Festival of Bridges #15 ~ Irish-American Connections

The connections between Ireland and America are immense and I can’t but think of them when bringing you Rod Figaro’s contribution to The Festival of Bridges.

Rod is a professional photographer, based in New York, and you can find his excellent website here. Bridges feature a lot in Rod’s work and when I asked him about this he said:

As for my fascination for bridges, particularly the ones in New York, their sheer sizes alone can easily capture your attention, and one can never get used to that.

Here is the magnificent photograph that he sent me:

Brooklyn Bridge, New York
Brooklyn Bridge, New York

For years, as I’ve stood on the Promenade here in Tramore, I’ve felt that Brooklyn Bridge and America were what were glittering on the horizon at the other side of the Atlantic Ocean.  By sheer coincidence, we now have a bustling beachfront restaurant on the Prom, called Brooklyn, with the bridge logo!

Brooklyn Cafe, Tramore, Co. Waterford.

It would be impossible for me to leave Rod Figaro’s photograph of Brooklyn Bridge without highlighting the extent to which it is a bridge with a huge connection to poetry.  Here are a few lines from the great Walt Whitman poem “Crossing Brooklyn Ferry” which celebrates the exact spot where Brooklyn Bridge, which was completed in 1883, now stands.

The current rushing so swiftly, and swimming with me far away;
The others that are to follow me, the ties between me and them;
The certainty of others–the life, love, sight, hearing of others.

Others will enter the gates of the ferry, and cross from shore to shore;
Others will watch the run of the flood-tide;
Others will see the shipping of Manhattan north and west, and the
heights of Brooklyn to the south and east;
Others will see the islands large and small;
Fifty years hence, others will see them as they cross, the sun half an
hour high;
A hundred years hence, or ever so many hundred years hence, others
will see them,
Will enjoy the sunset, the pouring in of the flood-tide, the falling
back to the sea of the ebb-tide.

I sincerely hope that one day I will finally get to see Brooklyn Bridge with my very own eyes and meet Rod Figaro there to go on the photo-shoot he has so kindly promised.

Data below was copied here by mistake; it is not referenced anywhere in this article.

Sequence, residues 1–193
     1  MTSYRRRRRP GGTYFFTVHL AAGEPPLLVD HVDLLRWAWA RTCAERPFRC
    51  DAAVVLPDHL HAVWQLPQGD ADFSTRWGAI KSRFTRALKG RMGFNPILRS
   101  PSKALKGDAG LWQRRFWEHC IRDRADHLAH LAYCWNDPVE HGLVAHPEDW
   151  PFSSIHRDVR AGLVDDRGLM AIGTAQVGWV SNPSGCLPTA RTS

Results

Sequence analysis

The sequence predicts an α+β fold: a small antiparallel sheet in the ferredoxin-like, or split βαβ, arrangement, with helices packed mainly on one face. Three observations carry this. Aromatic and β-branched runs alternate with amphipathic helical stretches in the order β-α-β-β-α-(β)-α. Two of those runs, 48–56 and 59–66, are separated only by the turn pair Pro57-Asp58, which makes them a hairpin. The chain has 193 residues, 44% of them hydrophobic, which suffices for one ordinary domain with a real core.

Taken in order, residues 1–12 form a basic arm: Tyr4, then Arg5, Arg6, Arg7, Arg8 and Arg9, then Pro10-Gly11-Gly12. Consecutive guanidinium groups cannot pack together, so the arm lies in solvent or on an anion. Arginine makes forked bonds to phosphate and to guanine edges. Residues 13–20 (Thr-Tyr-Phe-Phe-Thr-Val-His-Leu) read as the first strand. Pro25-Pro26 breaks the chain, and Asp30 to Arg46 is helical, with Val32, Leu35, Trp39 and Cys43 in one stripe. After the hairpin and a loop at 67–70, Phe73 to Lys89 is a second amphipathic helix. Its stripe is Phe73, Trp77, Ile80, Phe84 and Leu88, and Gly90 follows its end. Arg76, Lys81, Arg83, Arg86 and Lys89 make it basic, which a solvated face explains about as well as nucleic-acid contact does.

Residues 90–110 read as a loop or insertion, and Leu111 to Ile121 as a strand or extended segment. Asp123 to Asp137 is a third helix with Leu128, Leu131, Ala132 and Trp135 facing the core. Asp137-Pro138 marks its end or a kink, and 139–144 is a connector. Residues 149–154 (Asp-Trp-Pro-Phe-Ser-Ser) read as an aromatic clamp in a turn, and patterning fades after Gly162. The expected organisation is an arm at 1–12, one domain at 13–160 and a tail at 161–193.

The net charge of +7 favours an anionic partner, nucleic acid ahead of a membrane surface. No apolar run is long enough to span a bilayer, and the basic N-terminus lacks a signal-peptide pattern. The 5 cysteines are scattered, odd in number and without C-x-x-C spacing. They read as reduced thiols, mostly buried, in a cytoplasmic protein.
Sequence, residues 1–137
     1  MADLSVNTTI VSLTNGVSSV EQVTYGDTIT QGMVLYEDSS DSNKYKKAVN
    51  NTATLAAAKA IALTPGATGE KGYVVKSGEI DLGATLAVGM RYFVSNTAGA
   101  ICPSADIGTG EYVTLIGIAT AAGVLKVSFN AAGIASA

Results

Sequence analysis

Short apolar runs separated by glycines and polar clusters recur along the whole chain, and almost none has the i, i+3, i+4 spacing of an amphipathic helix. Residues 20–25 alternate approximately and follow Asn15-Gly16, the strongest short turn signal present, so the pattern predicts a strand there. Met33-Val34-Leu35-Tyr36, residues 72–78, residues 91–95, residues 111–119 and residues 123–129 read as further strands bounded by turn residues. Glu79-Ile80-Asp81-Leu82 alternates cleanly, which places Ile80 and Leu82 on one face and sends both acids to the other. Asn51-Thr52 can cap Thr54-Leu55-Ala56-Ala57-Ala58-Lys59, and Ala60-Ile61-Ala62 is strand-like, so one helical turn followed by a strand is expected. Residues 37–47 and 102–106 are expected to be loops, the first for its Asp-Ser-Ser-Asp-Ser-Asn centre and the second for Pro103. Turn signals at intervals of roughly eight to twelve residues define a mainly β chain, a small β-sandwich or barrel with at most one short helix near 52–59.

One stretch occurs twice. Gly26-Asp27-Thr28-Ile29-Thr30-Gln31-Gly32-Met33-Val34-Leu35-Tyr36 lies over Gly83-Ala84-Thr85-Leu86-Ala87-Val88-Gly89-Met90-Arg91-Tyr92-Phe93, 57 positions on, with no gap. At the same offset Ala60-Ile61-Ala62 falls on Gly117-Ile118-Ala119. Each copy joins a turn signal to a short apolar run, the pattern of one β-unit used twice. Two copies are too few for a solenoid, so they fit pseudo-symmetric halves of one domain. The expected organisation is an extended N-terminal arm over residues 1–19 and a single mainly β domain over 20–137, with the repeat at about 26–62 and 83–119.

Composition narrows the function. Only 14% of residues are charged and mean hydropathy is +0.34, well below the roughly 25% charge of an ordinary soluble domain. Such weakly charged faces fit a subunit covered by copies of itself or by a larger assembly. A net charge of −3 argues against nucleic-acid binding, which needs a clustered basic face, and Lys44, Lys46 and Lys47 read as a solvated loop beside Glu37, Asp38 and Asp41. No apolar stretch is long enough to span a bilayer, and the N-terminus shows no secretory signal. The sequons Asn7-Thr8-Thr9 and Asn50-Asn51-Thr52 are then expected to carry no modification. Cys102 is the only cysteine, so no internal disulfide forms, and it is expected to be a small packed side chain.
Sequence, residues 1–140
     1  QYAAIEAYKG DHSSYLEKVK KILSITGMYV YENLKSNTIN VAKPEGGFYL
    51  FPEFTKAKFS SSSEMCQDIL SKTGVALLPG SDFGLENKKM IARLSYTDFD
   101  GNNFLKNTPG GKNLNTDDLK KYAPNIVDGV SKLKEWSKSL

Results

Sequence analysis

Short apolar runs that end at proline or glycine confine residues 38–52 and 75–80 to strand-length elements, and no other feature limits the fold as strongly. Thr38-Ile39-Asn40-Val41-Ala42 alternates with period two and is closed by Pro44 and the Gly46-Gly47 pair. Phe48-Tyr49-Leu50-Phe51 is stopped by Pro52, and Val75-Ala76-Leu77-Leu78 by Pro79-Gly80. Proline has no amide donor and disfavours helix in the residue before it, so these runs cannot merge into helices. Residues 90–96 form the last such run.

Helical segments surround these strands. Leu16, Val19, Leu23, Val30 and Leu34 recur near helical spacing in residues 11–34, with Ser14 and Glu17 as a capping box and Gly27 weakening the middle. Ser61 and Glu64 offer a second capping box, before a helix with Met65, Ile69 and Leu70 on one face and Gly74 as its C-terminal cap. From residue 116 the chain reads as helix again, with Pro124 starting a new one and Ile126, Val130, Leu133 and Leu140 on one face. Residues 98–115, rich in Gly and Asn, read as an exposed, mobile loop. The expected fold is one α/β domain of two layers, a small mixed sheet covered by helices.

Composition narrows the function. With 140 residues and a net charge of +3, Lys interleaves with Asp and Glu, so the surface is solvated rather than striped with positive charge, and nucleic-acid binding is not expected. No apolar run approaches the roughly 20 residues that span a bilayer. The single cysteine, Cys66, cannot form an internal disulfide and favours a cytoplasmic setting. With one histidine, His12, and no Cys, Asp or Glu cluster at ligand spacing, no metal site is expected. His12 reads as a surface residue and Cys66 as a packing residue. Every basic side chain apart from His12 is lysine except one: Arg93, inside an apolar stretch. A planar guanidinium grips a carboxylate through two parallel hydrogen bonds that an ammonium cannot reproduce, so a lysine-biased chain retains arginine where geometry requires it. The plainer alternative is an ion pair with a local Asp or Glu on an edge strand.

The Festival of Bridges runs until October 31st. Submissions are now closed. 





A Journey of a Different Kind ~ Gatherings from Ireland # 177

Today is the day I should have been heading off to New York for ten days to further my writing career. I’ve had to defer for various reasons and so will have to wait another while before soaking myself in a city that has long appealed to me, really since first seeing Woody Allen’s Manhattan.

I’ve been wanting to start looking through my late father’s massive collection of photographs ~ which span the years from the 1940s to the early 2000s ~ and somehow today seemed like the right day to begin that journey.

Having just looked through a few boxes, I feel as if I’ve been to the four corners of Ireland and also back and forth in both family and social history.

Father was from Co. Clare and always had a love of currachs ~ a special kind of rowing boat. John O’Donohue, the well-known Co.Clare poet referred to a currach in his beautiful poem Beannacht:

When the canvas frays
In the currach of thought
And a stain of ocean
Blackens beneath you,
May there come across the waters
A path of yellow moonlight
To bring you safely home.

I suppose I shouldn’t have been surprised to find many photographs of currachs among Father’s photographs and the images strike me as being very far-removed from the New York that would have greeted me today.

Photo: Frank Tubridy
Currachs at Farmhouse
Photo: Frank Tubridy
Chatting by the Currachs Photo: Frank Tubridy
Chatting by the Currachs
Photo: Frank Tubridy
All Aboard!
Photo: Frank Tubridy
Currach at the Harbour Photo: Frank Tubridy
Currach at the Harbour
Photo: Frank Tubridy